Sunday, June 08, 2008

'Leamophants' in Latin

As promised, here's that commissioned "Leamophants" poem elegantly translated into Latin by John King, my friend and Latin teacher these past two years. Just for fun!

Many thanks for this, John. It's marvellous. Though I'd better spare you the Leamington Railway Station poem ...


Barbarico splendore suo longisque tegentes
palpebris oculos saeptae senioribus adsunt
rugosis placie lentas agitantibus aures.
Lascivae lepidam praebent speciem agmine lauto,
civibus ostentant sese mediamque per urbem
iucundae incedunt festo candore nitentem:
quas homines spectant mirati praetereuntes,
haud timidas veluti tandem sine matre puellas
antiqo vel amore aegras Heroidas aevo.
Rure huc advenere, urbano ut sole fruantur,
et vitream opposuit cum forte taberna fenestram,
ipsae se simili mirantur imagine captae.
Serica cuique sua est umbella proboscide curva,
leniter huc illuc quae pulverulenta movetur.

Centum anni fugiunt: illas nunc cernere possis
ante oculos hortis lento agmine procedentes
vespere per mediam frigus sub fluminis undis
corpora mersuras: naso caudaque catenam
inter se nectunt: durum pulsant pede campum
et vasto et tenero - sic stat serrata columna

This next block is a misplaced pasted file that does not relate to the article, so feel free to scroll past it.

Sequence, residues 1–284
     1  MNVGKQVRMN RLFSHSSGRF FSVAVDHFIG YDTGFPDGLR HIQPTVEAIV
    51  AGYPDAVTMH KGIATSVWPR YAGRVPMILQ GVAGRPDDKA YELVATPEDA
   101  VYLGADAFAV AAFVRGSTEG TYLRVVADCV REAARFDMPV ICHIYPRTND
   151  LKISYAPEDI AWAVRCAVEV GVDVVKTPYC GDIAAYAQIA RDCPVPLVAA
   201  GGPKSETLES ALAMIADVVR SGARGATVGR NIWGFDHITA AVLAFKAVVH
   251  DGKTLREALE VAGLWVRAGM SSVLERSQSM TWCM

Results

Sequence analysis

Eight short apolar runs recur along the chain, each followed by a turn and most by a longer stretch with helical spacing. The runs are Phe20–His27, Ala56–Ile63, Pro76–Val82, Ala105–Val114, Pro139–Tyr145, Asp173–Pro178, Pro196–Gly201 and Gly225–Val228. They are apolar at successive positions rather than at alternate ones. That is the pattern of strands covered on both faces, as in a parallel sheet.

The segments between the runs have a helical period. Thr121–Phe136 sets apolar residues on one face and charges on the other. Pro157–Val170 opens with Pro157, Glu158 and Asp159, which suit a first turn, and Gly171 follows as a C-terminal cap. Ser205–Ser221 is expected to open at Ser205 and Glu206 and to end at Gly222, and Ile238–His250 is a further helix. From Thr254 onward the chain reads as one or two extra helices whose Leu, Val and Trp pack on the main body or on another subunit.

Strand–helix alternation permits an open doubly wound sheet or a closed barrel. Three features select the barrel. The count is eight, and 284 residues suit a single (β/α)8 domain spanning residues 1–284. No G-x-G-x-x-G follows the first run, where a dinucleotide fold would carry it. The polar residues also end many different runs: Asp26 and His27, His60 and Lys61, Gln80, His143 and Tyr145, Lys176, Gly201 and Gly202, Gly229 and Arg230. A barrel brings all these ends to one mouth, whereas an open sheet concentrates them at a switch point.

firma solo. Modo non ingenti mole dianthos
contundunt tagetesque instructos ordine flores.

John King
(Classics Department: Rugby School)


Bo said...

That's delightful!

aliqot said...

I'd love to hear the Latin read aloud - now, should be pronounced more like Italian? What's the current theory on this? Any chance of a sound file?

Jane Holland said...

Can't find my external mic right now, so no sound file available, though it's a good idea. Maybe later.

No, you don't pronounce Latin like Italian. Not officially, at any rate. I've heard people try that and it always sounds a bit too frivolous! Though you do pronounce every letter - unless it's part of a dipthong - so there are similarities with Italian.

There are various schools of thought about Latin pronunciation, but they tend to agree on most things. Hard 'c' is usual. I think stress tends to fall on the penultimate syllable. Some vowels are long, and are marked as such in most texts, but not here. There's a long-standing argument about 'v' versus 'u', but most people seem to come down on the all 'v's are 'u's side these days. If that makes any sense. (Though I still pronounce 'v' as 'v', mainly for aesthetic reasons.)

I'm finding it rather hard to explain the rules of pronunciation, interestingly enough. I started learning Latin when I was 12 - and I'm still learning it now!! - so I tend to pronounce most Latin words by instinct, without thinking specifically about rules.

Perhaps Bo can ride to my rescue here, since he's a trained classicist as well as medievalist, and teaches Latin - amongst other languages - at university level.


aliqot said...

I'll tag this for follow-ups then -
always interested in linguistic oddities - though my main other languages are French and German and I tend to find living languages more accessible than ancient. I 'did' Latin in two years for 'O' Level (giving away my age now).